The teaching community at large has generally been favourable to debate activity. Teachers are open to learning how to use debate in their own classes. There have been only sporadic instances of teachers rejecting debate activities on the grounds that they are disruptive and time-consuming. Some teachers have also been concerned that debate could pose a serious threat to their authority in the class.

Student Profile and Response When Introduced to Debate

I work with high school students, aged 14-18. What distinguishes this group of students is their ambition to excel in something that is less common among their peers, something which makes them stand out from the crowd.

Ambitious students are more than positive about the opportunity to debate
The type of students involved in debating belong to lower and middle classes, with different political orientations (social democratic, liberal, democratic-liberal), and their parents come from all walks of life. Some of the most commonly held values by students involved in debate include: ambition, individuality, integrity, responsibility, respect, dedication, loyalty, honesty, justice, excellence, accountability, dignity, empathy, self-accomplishment, courage, independence, compassion, friendliness, persistence, perseverance, optimism, dependability and flexibility.
By and large, the most daunting obstacle students face when they embark upon debating is peer pressure. This is because when students start debating at 14-15, they tend to spend most of the time with their friends and colleagues, and parental resistance may develop due to the deep-rooted conviction that debate as an extra-curricular activity takes up too much valuable time that should otherwise be directed towards mainstream learning.

Outcomes of Teaching Debate

In the process of learning to debate, students become active listeners, engaged in and committed to a contest of ideas. They become accustomed to developing their argumentation on multiple levels; they acquire the skills of close textual reading and critical thinking, excelling in rigorous intellectual activities with positive effects on all aspects of their liv. Students start thinking in terms of long-term goals and can begin to discuss controversial issues in a peaceful and rational manner. Students also become self-confident and able to express their views openly: they gradually develop a sense of excellence that, in turn, enhances their leadership skills and encourages them to constantly test their own limits. Debate helps students become effective communicators who are sensitive to the many problems confronting their community and society at large, which stimulates and improves their social interaction.

Human Rights Education and Active Citizenship

Debate significantly contributes to human rights education since it allows students to become more and better informed about a multitude of issues so as to be able to debate them in various contexts: inside and outside the classroom, at their debate clubs, and, most importantly, in debate camps and tournaments at national and international levels. In sharp contrast with non-debaters in the same class or school, students who have been actively engaged in debate for a year or two manifest a higher degree of tolerance concerning contentious socio-political matters and a deeper understanding of the complexity of civic and political issues.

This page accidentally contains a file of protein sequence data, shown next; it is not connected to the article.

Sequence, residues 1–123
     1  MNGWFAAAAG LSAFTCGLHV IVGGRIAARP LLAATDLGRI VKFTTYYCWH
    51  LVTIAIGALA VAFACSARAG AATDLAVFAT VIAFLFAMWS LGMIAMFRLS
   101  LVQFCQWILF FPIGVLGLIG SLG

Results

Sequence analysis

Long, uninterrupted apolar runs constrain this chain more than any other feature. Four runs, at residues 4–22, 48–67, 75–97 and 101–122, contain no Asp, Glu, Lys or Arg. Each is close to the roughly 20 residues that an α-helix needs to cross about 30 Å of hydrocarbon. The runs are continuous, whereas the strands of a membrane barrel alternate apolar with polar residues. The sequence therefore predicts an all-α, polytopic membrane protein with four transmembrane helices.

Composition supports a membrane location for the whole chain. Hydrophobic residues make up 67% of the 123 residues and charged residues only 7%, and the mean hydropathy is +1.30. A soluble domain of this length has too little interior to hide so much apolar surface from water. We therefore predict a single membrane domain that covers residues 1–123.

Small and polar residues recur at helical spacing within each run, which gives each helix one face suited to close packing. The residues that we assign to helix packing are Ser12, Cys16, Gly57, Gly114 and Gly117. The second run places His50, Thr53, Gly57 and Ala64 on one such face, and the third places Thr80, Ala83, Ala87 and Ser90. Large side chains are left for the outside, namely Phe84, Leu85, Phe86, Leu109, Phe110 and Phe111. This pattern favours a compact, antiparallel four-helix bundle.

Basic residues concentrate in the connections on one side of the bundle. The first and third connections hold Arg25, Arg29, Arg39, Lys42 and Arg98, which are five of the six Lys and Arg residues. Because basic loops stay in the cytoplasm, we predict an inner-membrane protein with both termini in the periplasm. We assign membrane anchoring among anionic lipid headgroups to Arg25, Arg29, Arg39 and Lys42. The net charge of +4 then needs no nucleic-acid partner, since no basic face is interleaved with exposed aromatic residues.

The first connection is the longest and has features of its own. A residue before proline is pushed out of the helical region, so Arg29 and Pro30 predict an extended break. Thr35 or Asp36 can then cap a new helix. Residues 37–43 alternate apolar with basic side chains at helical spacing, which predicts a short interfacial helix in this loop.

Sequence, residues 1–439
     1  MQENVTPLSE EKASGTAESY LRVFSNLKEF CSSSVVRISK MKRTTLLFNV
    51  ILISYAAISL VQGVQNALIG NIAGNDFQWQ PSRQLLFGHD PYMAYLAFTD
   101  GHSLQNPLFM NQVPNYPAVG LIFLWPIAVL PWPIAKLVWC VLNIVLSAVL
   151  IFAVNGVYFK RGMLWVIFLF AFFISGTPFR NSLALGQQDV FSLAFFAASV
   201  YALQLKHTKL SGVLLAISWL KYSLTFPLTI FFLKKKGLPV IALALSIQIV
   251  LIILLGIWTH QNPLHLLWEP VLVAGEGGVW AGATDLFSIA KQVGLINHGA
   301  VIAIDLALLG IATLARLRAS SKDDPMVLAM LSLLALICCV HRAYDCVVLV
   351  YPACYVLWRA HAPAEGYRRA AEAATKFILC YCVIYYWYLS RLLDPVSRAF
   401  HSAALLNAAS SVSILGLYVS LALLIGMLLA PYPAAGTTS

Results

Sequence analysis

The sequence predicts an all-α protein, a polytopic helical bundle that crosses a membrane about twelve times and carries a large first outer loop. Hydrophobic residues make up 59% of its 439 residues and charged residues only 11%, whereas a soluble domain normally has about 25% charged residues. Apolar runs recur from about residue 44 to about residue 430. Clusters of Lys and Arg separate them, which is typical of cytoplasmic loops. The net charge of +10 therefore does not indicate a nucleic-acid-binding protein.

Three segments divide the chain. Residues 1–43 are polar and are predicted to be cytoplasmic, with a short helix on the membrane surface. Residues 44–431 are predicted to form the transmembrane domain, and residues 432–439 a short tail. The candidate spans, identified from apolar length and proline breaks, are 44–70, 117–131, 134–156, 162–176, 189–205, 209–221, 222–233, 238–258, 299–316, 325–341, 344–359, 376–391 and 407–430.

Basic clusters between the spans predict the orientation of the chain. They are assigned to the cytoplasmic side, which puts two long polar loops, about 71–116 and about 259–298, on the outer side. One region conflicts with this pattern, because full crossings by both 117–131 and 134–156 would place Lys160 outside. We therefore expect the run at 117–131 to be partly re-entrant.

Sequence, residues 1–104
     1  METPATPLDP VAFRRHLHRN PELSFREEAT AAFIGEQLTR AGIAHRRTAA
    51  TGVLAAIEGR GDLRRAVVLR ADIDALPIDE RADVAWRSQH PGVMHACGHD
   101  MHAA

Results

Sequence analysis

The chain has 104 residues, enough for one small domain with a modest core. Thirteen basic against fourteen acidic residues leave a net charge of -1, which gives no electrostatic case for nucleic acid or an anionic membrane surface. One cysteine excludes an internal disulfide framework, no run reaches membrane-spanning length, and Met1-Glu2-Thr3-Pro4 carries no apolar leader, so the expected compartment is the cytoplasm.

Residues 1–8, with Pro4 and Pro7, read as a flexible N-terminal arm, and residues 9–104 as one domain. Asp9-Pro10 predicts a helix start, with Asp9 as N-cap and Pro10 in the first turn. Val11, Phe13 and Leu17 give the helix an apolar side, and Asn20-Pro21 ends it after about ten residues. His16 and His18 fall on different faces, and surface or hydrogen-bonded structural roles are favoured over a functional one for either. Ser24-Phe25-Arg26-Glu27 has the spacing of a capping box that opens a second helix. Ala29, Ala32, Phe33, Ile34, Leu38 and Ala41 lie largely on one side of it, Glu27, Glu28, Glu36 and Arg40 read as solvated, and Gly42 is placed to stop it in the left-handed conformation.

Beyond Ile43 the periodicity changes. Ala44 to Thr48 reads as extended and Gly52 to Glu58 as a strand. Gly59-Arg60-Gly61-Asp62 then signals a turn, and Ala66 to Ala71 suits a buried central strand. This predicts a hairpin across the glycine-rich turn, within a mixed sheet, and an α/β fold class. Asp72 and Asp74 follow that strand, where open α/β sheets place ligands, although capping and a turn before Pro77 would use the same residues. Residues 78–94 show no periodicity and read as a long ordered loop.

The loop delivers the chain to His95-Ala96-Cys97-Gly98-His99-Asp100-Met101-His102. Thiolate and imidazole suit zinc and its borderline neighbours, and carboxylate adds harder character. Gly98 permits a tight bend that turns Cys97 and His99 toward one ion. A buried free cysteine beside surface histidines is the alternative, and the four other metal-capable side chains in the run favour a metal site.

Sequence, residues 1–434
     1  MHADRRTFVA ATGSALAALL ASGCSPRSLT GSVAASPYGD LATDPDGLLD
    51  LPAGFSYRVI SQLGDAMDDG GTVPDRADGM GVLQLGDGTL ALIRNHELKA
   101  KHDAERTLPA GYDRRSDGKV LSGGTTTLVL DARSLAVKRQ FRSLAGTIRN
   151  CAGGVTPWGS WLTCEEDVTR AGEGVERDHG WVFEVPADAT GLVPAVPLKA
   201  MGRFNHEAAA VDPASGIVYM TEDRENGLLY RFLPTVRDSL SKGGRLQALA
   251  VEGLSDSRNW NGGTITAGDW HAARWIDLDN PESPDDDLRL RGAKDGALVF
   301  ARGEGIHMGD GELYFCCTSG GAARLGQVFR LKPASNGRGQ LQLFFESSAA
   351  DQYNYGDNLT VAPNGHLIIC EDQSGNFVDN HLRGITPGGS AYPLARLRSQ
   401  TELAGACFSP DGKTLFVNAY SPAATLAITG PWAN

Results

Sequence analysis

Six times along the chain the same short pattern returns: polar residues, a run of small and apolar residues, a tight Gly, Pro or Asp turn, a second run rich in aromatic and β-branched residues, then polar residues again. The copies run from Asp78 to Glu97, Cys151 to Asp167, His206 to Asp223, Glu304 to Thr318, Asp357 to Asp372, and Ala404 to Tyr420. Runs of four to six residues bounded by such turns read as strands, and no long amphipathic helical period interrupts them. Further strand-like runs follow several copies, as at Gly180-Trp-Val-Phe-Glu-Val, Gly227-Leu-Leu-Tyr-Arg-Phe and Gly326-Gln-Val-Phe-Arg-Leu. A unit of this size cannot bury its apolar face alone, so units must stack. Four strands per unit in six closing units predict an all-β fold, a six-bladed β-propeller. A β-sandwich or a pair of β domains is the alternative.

Introducing Debate through NGOs and/or through the Ministry of Education

In Romania, the introduction of debate was led mainly by ARDOR – our national NGO – starting from around 1997. In 1999, the first Academic Debate Handbook was issued in Romania. The Handbook was the fruit of the collaborative work of a group of teachers who were passionately involved in spreading debate at the time, myself included.

The debate movement in our country continued to evolve solely under the umbrella of ARDOR until 2010, when the Young People Debating Contest first took place, at the initiative of Romania’s Ministry of Education in partnership with ARDOR. In 2011, the Romanian Ministry of Education further added an elective module called ‘Debate, Oratory and Rhetoric’ to the Romanian school-decision national curriculum as a complement to the Young People Debating Contest. With the firm support of ARDOR, The Teacher’s Guide for the module on ‘Debate, Oratory and Rhetoric’ was then released. It was the joint effort of an accomplished team of debate educators and trainers, including former ARGO debaters: Serban Pitic and Nicolae Sovaiala-Ionescu, as well as myself.

The Young People Debating Contest has been held every year since 2010 and has seen increasing involvement and dedication from coaches and educators. In fact, it has become the biggest high school debate championship in Romania at present.

I am inclined to believe that NGOs should definitely be consulted in generating the national curriculum. Debate clubs at various educational levels – middle school, high school and university – can be highly cooperative and productive partners in establishing the guidelines of the debate curriculum. Debate clubs can do this by exchanging their philosophies and views on diverse issues in order to reach a consensus for the common good of all actors involved.

Author Bio

Simona-Anca Mazilu is a teacher of English, past Fulbright exchange teacher in Minnesota, USA , debate coach, adjudicator, teacher-trainer and founder of ARGO – the first academic debate club for high school students in Romania – in 1994.
She was the coach of the national team for Romania’s first two participations in the Worlds Schools Debating Championship: in Stuttgart, Germany, in 2004, and in Calgary, Canada, in 2005 – when Romania won 2nd place in the EFL (English as a Foreign Language) ranking.